During the coronavirus pandemic that has shut down large swathes of the country, retail and delivery behemoth Amazon is in a thorny spot.
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On the one hand, Amazon is one of the few companies capable of providing delivery on a mass scale, a societal good at a time when businesses are shutting down, and people in need of resources are too scared or unable to leave their houses.
But to provide those services, the retailer relies on a bevy of low-paid workers who, through no fault of their own, are now at the frontlines of the outbreak.
Because of the convenience of the on-demand economy Amazon helped create, Americans are largely willing to offload the risk of contracting coronavirus to underpaid warehouse stockers and delivery drivers if it keeps them from having to venture outside.
Amazon has claimed that it understands the risk and is providing basic levels of safety and sanitation for the workforce they employ.
Workers say that is not the case.
Employees at Whole Foods, which Amazon owns, are striking over conditions at the grocery stores. Amazon workers are trying to strike at distribution centers, like in Staten Island, where they demanded the facility be cleaned after a worker contracted coronavirus.
On Wednesday, Amazon fired the person who organized the strike. The’s company’s reasoning was that Chris Smalls, who had been asked to self-quarantine, was violating the company’s social distancing rules.
Given how anti-union Amazon is, that argument (even if true), didn’t carry much weight for many people.
Sen. Bernie Sanders (I-Vt.), who has been vocal in his criticism of Amazon, decried the move, calling it “immoral.”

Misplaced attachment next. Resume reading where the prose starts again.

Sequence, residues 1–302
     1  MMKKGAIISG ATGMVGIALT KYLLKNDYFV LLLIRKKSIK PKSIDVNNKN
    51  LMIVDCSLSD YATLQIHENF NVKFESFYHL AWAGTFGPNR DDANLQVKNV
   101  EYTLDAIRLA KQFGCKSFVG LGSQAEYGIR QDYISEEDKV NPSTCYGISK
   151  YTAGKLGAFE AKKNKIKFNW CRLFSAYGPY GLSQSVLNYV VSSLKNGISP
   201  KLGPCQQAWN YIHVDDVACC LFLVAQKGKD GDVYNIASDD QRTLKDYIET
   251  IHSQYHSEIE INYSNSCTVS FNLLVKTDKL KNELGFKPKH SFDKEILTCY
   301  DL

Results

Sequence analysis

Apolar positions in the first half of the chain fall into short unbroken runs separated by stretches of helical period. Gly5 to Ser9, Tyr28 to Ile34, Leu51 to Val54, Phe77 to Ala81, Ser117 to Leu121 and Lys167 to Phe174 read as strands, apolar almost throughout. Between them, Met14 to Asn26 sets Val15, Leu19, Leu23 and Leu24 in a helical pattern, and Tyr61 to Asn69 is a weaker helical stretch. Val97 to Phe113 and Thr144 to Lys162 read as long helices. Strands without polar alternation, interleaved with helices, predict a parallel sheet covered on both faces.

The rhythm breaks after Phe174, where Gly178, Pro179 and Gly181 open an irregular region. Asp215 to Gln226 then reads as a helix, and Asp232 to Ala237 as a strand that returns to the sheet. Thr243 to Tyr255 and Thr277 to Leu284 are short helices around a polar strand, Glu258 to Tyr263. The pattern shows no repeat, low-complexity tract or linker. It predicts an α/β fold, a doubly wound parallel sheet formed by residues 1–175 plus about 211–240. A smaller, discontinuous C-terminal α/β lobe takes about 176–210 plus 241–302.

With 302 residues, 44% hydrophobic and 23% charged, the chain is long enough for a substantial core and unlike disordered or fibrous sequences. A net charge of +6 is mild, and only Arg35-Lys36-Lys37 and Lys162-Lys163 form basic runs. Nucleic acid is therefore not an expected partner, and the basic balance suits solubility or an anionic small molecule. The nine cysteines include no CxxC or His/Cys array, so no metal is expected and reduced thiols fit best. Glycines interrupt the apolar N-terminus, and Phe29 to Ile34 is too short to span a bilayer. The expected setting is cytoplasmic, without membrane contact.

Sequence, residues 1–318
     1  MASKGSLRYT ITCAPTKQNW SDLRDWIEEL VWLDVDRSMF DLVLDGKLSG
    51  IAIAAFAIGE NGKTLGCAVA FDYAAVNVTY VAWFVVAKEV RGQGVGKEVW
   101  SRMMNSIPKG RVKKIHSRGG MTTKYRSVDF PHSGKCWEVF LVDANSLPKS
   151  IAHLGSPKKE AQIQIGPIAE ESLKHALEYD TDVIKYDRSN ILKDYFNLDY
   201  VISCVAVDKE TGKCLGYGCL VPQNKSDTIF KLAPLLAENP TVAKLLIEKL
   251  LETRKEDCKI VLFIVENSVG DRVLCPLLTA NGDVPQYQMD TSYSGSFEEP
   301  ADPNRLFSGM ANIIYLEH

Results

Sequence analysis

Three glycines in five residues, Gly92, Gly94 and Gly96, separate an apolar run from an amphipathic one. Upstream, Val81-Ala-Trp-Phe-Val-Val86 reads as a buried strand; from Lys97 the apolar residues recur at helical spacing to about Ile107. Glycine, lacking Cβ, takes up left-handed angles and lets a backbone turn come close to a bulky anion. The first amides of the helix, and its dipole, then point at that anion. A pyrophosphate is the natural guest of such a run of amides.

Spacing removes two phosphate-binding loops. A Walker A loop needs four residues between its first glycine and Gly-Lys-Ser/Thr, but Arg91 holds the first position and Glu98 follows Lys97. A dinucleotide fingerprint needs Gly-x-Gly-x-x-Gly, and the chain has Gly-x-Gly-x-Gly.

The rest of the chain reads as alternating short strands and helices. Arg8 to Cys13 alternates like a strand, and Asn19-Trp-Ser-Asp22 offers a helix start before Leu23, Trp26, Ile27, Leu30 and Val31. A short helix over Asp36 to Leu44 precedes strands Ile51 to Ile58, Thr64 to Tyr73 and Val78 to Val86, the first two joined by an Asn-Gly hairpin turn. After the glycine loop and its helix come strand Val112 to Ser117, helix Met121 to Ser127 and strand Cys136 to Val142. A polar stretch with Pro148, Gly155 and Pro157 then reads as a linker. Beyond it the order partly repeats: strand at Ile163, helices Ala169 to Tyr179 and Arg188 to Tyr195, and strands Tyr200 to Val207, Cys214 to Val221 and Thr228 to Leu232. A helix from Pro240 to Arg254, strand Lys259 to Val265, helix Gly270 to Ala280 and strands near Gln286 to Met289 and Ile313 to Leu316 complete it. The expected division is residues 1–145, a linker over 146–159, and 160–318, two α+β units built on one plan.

Amazon’s top public relations person, Jay Carney, who has shown his face on Twitter before, replied that he was “confused” by Sanders’ response.
“Thought you wanted us to protect our workers?” Carney wrote. “Mr. Smalls purposely violated social distancing rules, repeatedly, & was put on Paid 14-day quarantine for COVID exposure. 3/30 he returned to the site. Knowingly putting our team at risk is unacceptable.”
Carney, who used to be press secretary for President Barack Obama, is not confused by what Sanders said, despite his cheeky protestations. He is using Sanders’ macro-claim, that Amazon treats its workers horribly (which Carney is almost tacitly admitting), to justify a micro-action: firing an employee who called out Amazon for not protecting its workers.
On Twitter, people called Carney’s claim B.S.
Many people had choice admonishments for Carney.
Carney decided to respond to one particular “fuck you” from the New Republic’s Libby Watson.
Then, later, Carney wondered into the ether of what appears to be the only organizing principle of the Democratic establishment these days: The tweets being too mean.
On the heels of the tweet exchanges and employee walkouts, Amazon pledged to provide temperature checks and masks to workers.
Despite what the people in charge tell you, collective action (and mean tweets) work.